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General News of Wednesday, 25 September 2019


Undue delays in providing public services breed corruption

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Participants at a stakeholders forum on enhancing Public Accountability and Environmental Governance have urged state institutions to urgently minimise the delays associated with rendering public because it is a major source of corruption.

They said patrons of the service who had challenges with the waiting time tended to pay their way through to facilitate the process but to the detriment of those who did not have the means to do likewise.

“To end this corruption the authorities must identify all the loopholes, which create opportunities for a few and retard progress,” Sheikh Abdul Rashid an Imam said.

The forum, organised by the La Dadekotopon Municipal Directorate of the National Commission on Civic Education (NCCE) with support from the Municipal Assembly, was to empower community members to demand for accountability from duty bearers as well as to enable them to report all acts of corruption to the appropriate authorities.

The participants also called for innovative measures, including a naming and shaming campaign as well as speedy prosecution to make corruption unattractive to every citizen.

The forum forms part of the Commission’s Anti-Corruption, Rule of law and Accountability Programme (ARAP) and the National Anti-Corruption Action Plan (NACAP) initiatives.

The ARAP programme, funded by the European Union (EU), is targeted at reducing corruption and improving accountability and compliance of citizens to the Rule of Law across in the country.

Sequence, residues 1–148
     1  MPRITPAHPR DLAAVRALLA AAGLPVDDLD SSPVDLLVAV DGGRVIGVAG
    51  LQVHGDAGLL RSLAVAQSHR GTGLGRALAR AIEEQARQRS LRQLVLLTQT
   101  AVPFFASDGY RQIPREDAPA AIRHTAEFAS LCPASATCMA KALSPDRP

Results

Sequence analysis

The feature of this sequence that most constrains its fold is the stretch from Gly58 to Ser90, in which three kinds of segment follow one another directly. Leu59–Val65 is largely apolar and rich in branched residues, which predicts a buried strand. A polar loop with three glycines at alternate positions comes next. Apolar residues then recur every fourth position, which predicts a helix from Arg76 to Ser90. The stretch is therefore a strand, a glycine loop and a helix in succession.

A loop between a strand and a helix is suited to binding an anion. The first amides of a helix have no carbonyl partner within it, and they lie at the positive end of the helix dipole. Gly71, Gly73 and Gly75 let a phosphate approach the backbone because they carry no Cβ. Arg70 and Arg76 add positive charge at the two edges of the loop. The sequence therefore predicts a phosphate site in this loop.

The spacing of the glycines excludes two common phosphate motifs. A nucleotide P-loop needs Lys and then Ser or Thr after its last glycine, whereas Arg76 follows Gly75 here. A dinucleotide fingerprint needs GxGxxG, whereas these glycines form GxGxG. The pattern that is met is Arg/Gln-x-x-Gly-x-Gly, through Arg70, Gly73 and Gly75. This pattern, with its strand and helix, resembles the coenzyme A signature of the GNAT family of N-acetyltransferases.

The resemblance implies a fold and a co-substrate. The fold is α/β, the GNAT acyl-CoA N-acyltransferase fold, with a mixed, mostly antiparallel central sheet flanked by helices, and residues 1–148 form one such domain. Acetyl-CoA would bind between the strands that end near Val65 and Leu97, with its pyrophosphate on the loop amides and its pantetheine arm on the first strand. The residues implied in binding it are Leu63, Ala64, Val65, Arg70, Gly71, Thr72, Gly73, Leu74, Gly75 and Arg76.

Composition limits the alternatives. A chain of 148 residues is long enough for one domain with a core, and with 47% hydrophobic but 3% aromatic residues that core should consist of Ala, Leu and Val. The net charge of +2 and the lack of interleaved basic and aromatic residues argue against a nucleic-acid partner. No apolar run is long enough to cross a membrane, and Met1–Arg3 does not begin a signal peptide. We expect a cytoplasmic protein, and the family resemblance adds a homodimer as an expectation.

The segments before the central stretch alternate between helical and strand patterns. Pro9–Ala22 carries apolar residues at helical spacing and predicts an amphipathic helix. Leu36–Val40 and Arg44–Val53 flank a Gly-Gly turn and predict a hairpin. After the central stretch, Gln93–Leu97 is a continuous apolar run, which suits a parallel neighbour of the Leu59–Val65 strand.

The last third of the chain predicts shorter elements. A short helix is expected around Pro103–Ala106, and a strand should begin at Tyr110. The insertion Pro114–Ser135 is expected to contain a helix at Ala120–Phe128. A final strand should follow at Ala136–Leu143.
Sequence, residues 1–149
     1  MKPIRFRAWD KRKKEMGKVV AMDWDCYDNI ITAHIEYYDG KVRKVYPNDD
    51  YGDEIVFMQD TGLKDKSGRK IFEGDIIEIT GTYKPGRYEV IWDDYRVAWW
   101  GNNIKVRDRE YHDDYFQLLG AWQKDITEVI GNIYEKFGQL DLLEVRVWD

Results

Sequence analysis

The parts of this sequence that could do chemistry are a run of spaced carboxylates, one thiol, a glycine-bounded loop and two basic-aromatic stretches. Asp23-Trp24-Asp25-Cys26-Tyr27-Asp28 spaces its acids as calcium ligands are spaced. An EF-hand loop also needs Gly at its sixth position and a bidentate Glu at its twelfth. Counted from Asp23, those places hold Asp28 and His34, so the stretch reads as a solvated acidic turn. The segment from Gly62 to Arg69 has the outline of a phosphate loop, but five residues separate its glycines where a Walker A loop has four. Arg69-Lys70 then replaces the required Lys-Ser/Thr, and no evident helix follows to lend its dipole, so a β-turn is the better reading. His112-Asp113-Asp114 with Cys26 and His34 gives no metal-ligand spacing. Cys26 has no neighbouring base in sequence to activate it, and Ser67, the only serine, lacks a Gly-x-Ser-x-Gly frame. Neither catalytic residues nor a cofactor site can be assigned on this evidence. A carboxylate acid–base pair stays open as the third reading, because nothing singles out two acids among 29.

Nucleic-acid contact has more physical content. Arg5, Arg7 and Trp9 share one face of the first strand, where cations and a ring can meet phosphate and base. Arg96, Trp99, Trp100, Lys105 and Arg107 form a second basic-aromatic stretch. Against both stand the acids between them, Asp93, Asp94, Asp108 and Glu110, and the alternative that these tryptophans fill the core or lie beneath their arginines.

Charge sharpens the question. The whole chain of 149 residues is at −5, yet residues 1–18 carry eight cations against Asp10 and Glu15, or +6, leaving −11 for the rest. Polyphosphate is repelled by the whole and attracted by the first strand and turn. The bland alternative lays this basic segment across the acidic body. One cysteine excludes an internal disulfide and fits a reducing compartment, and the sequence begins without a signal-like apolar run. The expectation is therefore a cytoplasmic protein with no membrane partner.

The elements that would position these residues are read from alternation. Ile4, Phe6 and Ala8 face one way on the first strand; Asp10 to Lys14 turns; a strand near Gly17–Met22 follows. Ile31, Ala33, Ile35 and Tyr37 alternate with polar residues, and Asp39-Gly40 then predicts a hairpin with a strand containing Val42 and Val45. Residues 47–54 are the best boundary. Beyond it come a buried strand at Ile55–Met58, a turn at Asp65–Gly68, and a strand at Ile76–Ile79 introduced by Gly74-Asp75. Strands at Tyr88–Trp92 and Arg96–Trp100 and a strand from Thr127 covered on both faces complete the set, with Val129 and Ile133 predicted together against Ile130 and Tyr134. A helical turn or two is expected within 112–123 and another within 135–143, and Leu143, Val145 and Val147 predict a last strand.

Officials of the NCCE, Commission on Human Rights and Administrative Justice (CHRAJ), opinion leaders, as well as the public and the Member of Parliament for the La Dadekotopon Constituency, Mr Vincent Odotei Sowah, attended the event.

Mrs Evelyn Kutorkor Gyima, a Senior Investigator at the Greater Accra Regional office of CHRAJ, however, urged the participants to take advantage of the many anti-corruption laws to report offenders.

She explained that it would be impossible to investigate and prosecute offenders without the requisite information from those with knowledge on their activities.

“The institutions that have been set up cannot function in isolation. The NCCE, CHRAJ, Police and other mandated institutions need the support of the public through the information they will divulge and that will enable them to fight against the canker,” she said. “Reporting is very critical in if the fight against corruption is to be won”.

Mr Odotei Sowah, for his part, said corruption was a canker, which retrogressed national development.

He noted that even though the phenomenon existed across the world, with strong and workable institutions the canker could be minimised.

Mr Odotei Sowah also urged the public to show interest in the fight by demanding for accountability from their leaders at the Municipal and District Assembly levels.

Mrs Gloria Amarkie Kudo, the Municipal Director of NCCE for LaDMA, said the Commission would ensure that all recommendations from such programmes from across the country were compiled and forwarded to the appropriate authorities for the necessary actions.

The Commission would also continue to engage the public to receive feedback on the implementation of those recommendations. “This is to promote a bottom-up approach to fighting corruption and ensuring accountability for the development of our nation,” she said.